Witnesses: Answer Both the Language of the Question and Its Implication

Holland & Hart - Persuasion Strategies

Holland & Hart - Persuasion Strategies

When preparing a witness, there can sometimes be a strong impulse to say, “Just answer the question.” That impulse comes from an appropriate desire to keep things simple, and to keep the witness from wandering or waffling. But it can be bad advice. The choice to just answer the question on face without devoting any consideration to opposing counsel’s goals or to the impressions created by a simple “Yes” leaves the witness susceptible to becoming overly compliant, and susceptible to being led. An empowered witness should aim to do a little more.

The question is how to prepare a witness to understand when it is necessary to do more than “Just answer the question.” I will explain one technique for that in this post. When the witness is sophisticated enough to understand and to react to opposing counsel’s goals, I will encourage the witness to see a question as having two parts: Part One is the language of the question, what is being directly asked (Products were sold before testing was complete, correct?), and Part Two is the implication that counsel seeks to emphasize through your answer (You let an unsafe product onto the market, didn’t you?). When the answer to each would be different, it helps to answer in a way that addresses both: When products went to market, testing was incomplete because the final stage, after extensive laboratory and panel testing, is to closely monitor early use of the product in the market. 

The Technique: Answer Both the Question’s Language and Its Implications

One important consideration is that an assertive technique like this is not for every witness. Someone who is not good at understanding the purpose of a question, or is otherwise angry, unfocused, or distracted will not be able to do it well. So assess your witness.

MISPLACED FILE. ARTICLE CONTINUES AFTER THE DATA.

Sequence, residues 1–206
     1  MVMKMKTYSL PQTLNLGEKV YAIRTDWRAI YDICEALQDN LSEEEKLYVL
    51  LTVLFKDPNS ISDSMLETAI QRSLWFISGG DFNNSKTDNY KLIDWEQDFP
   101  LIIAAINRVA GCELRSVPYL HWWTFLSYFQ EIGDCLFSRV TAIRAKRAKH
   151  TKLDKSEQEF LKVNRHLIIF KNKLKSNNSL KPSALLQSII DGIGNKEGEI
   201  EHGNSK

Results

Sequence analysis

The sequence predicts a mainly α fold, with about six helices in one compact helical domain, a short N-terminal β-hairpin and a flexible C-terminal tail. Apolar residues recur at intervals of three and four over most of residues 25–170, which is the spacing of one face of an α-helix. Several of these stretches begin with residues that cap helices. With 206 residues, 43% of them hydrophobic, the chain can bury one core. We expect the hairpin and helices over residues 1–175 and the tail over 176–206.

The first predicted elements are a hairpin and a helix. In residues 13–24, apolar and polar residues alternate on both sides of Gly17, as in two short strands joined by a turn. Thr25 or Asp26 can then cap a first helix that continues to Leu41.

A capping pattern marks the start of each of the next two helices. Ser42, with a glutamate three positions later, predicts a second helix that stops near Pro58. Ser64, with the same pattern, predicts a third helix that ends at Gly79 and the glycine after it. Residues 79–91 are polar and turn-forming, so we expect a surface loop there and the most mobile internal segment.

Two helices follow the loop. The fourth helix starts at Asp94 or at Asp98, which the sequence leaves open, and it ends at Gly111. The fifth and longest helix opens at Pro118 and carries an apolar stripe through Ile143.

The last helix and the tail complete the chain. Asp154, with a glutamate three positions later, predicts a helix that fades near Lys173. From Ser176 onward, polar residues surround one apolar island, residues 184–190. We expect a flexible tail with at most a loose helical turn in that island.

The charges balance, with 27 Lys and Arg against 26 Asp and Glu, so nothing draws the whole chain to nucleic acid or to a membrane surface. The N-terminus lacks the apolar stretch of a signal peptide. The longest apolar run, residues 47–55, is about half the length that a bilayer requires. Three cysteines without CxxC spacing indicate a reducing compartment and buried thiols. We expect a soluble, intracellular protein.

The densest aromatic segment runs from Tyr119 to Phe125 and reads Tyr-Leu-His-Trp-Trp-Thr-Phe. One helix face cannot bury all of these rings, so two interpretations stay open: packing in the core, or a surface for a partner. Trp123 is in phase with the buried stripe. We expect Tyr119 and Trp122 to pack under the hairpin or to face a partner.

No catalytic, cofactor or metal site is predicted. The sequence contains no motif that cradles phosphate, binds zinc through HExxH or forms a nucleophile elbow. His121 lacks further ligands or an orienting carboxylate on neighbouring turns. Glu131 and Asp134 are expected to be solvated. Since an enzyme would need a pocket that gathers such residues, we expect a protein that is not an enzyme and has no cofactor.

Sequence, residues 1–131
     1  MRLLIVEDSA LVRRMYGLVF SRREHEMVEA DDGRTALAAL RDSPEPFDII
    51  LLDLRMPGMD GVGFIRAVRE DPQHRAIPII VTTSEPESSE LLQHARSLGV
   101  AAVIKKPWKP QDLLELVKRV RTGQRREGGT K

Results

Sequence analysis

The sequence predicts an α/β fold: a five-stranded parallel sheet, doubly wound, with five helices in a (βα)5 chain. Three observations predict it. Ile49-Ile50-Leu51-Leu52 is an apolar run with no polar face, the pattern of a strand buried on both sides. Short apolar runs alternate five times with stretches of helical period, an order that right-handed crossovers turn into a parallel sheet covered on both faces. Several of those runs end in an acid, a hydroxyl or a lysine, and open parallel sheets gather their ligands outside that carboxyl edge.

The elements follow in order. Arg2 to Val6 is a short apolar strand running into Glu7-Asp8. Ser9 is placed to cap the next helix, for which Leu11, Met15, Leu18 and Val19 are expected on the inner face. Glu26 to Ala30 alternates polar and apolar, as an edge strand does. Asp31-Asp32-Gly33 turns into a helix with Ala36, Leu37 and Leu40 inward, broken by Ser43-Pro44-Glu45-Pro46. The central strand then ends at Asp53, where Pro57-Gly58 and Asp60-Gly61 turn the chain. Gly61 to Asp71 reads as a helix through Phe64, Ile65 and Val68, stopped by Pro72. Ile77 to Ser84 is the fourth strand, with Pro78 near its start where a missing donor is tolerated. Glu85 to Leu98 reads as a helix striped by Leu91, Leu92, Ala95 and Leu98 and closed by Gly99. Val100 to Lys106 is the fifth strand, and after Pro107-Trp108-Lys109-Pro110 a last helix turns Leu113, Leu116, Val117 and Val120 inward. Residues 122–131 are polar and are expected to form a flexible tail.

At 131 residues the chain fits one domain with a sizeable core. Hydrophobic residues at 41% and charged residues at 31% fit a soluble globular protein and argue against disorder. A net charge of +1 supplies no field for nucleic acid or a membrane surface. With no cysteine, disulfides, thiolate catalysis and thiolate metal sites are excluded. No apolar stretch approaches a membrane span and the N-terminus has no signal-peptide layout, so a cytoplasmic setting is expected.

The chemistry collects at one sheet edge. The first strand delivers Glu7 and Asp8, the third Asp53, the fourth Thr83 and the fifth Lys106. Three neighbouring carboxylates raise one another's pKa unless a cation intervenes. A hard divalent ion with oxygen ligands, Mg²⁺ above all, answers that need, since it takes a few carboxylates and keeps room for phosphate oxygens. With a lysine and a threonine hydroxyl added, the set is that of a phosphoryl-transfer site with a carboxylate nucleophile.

But I have found that, particularly among professionals and other individuals who handle complex situations for a living, many can do it. Those witnesses will need to spend some time understanding the full message that the other side is trying to develop and convey. Then, they will need to practice listening carefully so that they understand the literal question being asked while also being sensitive to the broader purpose and implication of that question. Finally, they will need to take their time in providing an answer that addresses both the literal question being asked (because the questioner has a right to that response), as well as the implication (because you have a responsibility to clear that up).

Some Examples: 

Just to illustrate the concept of responding to both the question’s language and its implications, let me share a few types of responses.

The Underlying Reason

Question: You signed this draft of the contract without reading it, correct? 

Implication: You were careless (so you deserve whatever you get).

Answer (addressing both): Yes, and I had closely reviewed prior drafts and could see that the track changes were minimal, so there was no need to read the full document again.

The Overarching Consistency

Question: But that isn’t what you said in your deposition, is it? 

Implication: You were lying then, or you’re lying now.

Answer (addressing both): No, my deposition answer was based on the information available at the time, and so is my answer today. Now, there is more information available. I am always going to evaluate the facts as I have them. 

The Complete List 

Question: So you saw the patient, checked the vital signs, and then sent your PA in, correct? 

Implication: …and that is all you did. 

Answer: I saw the patient, I made a visual examination, checked her vital signs, asked her about her symptoms and current medications, entered a preliminary diagnosis in the charts, and then I sent my assistant in. 

There will be many other instances as well. It is safe to assume that most of the challenging questions that an adverse counsel asks will have these two layers of literal meaning and intended implication. When your witness has the ability, the understanding, and the practice to do it, the habit of responding to both layers will make for much stronger testimony across the board.

DISCLAIMER: Because of the generality of this update, the information provided herein may not be applicable in all situations and should not be acted upon without specific legal advice based on particular situations.

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